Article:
The transitions to 3G and 4G relied heavily on more efficient use of broader RF spectrum blocks. For many cell sites, these transitions were as simple as changing the appropriate radio line card at a base station unit. The same cannot be said about the transition to 5G, which will require deeper restructuring of mobile network architecture. 5G networks will use higher frequency bands, which require the deployment of more cell sites and antennas to cover the same geographical areas as 4G while existing antennas must upgrade to denser antenna arrays. Operators also need to deploy new fiber to connect all these smaller cell sites and access points since the legacy copper and wireless backhaul solutions cannot handle the capacity and latency needed to meet 5G standards.
On the side of fixed access networks, the rise of Remote PHY architectures and Dense Wavelength Division Multiplexing (DWDM) will lead to a similar increase in the density of optical network coverage. Previous networks could serve 500 customers with a single optical node, but future networks will serve that same service area with ten nodes. By deploying these new nodes, providers can vastly increase the bandwidth delivered to customers.
Installing and maintaining these new nodes in fixed networks and optical fronthaul links for wireless networks will require many new DWDM optical links. Even though tunable DWDM modules have made these deployments a bit easier to handle, this tremendous network upgrade still comes with several challenges. Typical tunable modules still require several time-consuming processes to install and maintain, and that time quickly turns into higher expenses.
In the coming decade, the winners in the battle for dominance of access networks will be the providers and countries with the most extensive installed fiber base. Therefore, providers and nations must scale up cost-effectively AND quickly. Every hour saved is essential to reach targets before the competition. Fortunately, the telecom industry has a new weapon in the fight to reduce time-to-service and costs of their future networks: self-tuning DWDM modules.
Plug-and-play operation reduces the time to service
Typical tunable modules involve several tasks—manual tuning, verification of wavelength channel records—that can easily take an extra hour just for a single installation. Repair work on the field can take even longer if the technicians visit two different sites (e.g., the node and the multiplexer) to verify that they connected the correct fibers. If there are hundreds of nodes to install or repair, the required hours of labor can quickly rack up into the thousands and the associated operational expenses into the hundreds of thousands.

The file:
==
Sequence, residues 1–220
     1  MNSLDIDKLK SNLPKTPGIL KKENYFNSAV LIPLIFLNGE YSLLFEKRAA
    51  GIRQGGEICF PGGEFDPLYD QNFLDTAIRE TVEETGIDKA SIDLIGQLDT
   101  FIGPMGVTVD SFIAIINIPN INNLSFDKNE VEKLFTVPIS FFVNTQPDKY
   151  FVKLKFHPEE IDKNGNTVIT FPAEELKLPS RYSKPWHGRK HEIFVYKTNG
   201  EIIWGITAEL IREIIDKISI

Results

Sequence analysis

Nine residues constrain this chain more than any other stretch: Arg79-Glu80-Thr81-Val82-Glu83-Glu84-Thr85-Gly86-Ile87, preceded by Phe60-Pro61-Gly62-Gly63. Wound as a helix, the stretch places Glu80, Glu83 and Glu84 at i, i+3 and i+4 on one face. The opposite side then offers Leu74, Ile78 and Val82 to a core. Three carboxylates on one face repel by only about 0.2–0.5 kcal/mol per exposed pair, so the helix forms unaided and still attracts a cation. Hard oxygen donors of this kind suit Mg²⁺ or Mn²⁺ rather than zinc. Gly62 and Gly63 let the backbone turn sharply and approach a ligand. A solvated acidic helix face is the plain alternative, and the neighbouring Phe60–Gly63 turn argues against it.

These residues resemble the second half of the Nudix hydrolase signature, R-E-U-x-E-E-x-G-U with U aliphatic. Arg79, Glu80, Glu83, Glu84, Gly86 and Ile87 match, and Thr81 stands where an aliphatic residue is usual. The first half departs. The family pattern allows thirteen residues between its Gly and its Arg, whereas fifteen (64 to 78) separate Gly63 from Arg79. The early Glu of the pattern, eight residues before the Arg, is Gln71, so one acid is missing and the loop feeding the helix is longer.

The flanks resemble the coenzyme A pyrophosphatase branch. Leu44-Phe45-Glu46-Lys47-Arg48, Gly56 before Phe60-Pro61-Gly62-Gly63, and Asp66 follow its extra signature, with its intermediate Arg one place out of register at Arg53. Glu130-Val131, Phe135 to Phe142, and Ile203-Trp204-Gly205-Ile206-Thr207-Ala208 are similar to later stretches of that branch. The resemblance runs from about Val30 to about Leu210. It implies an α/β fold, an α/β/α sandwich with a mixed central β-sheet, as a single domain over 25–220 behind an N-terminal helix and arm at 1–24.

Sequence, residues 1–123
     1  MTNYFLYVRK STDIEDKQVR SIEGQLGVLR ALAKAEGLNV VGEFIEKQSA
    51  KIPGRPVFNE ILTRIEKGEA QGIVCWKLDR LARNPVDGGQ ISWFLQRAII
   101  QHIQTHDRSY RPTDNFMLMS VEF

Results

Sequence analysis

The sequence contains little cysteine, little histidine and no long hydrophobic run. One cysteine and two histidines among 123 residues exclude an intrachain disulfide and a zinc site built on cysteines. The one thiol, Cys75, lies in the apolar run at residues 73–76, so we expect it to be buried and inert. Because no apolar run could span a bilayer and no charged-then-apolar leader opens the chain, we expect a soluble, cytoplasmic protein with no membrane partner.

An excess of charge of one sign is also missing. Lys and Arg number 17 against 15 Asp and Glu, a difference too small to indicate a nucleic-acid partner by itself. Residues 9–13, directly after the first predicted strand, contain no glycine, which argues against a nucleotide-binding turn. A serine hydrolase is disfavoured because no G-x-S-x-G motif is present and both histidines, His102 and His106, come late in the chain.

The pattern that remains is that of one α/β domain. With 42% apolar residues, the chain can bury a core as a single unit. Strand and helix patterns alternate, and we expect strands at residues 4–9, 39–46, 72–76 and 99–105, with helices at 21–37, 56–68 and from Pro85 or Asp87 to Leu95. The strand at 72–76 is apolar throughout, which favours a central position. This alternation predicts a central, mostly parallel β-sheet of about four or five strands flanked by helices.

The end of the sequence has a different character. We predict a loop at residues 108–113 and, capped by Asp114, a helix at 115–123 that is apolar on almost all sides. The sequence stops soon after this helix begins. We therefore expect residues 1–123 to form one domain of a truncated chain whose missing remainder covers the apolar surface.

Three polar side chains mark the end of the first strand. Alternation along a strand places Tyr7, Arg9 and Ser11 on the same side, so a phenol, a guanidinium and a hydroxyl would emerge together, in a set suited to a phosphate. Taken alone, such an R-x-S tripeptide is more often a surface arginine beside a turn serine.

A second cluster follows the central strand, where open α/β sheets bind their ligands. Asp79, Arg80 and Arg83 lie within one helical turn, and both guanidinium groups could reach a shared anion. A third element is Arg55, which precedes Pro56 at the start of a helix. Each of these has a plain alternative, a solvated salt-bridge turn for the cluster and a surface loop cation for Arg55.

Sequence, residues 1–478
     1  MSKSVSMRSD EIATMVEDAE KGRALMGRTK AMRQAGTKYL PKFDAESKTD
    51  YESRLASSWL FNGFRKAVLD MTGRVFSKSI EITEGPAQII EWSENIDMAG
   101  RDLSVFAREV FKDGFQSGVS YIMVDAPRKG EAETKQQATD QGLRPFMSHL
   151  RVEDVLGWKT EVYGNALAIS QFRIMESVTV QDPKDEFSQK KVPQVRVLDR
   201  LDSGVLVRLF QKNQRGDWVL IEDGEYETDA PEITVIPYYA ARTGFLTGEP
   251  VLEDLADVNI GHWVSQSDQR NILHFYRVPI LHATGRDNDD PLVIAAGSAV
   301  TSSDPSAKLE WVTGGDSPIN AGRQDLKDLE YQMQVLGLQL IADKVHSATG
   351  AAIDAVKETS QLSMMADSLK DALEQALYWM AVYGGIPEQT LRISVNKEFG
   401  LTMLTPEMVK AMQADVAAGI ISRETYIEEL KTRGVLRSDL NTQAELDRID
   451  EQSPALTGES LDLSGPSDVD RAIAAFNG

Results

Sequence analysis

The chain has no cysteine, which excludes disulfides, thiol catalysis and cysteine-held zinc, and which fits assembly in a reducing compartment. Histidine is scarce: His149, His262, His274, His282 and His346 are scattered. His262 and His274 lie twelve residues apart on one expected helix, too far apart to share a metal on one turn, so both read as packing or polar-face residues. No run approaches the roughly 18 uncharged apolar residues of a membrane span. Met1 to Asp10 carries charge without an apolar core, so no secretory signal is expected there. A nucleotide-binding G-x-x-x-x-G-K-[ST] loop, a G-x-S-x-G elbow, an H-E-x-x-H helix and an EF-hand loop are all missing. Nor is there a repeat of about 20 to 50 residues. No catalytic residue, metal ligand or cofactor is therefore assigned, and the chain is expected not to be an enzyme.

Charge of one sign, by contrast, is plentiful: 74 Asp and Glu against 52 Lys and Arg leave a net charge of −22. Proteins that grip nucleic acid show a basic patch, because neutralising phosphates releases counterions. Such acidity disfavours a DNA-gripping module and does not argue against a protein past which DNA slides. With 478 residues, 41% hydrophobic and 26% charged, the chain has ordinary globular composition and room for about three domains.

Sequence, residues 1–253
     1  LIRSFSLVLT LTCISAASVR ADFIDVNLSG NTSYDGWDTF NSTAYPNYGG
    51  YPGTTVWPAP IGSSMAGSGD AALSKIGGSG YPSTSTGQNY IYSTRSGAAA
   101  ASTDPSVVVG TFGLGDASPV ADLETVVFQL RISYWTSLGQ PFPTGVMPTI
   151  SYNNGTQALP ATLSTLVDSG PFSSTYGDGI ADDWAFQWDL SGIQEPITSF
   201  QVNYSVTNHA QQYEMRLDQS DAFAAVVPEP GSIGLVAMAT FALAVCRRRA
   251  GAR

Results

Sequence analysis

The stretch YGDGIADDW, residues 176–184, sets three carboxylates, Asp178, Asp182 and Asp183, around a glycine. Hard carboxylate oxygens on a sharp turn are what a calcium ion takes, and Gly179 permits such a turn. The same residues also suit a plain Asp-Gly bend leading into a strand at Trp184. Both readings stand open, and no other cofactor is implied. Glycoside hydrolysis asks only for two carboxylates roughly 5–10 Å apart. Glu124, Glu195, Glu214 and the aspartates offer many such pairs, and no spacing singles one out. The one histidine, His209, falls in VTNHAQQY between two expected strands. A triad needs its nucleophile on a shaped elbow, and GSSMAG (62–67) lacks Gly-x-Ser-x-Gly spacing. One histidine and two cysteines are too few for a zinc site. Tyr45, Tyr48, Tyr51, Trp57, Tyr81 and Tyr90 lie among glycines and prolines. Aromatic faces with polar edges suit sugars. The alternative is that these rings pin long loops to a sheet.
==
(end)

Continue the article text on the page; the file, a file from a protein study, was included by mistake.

Self-tuning allows technicians to treat tunable modules the same way they do with grey transceivers. There is no need for additional training for technicians to install the tunable module. There is no need for technicians to program a separate tuning peripheral. There is no need to obsessively check the wavelength channel records and tables on the field to avoid deployment errors. Technicians only need to follow the typical cleaning and handling procedures, plug in the tunable module, and once plugged, the device will automatically scan and find the correct wavelength.
This plug-and-play operation of self-tuning modules eliminates the additional time and complexity of deploying new nodes and DWDM links in optical access networks. Self-tuning is a game-changing feature that makes DWDM networks simpler and more affordable to upgrade, manage, and maintain.
Host-agnostic and interoperable
Another way to save time when installing new tunable modules is to let specialized host equipment perform the tuning procedure instead. However, that would require the module and host to be compatible with each other and thus “speak the same language” when performing the tuning procedure. This situation leads to vendor lock-in: providers and integrators could not use host equipment or modules from a third party. This lock-in adds an extra layer of complexity and gives providers less flexibility to upgrade and innovate in their networks.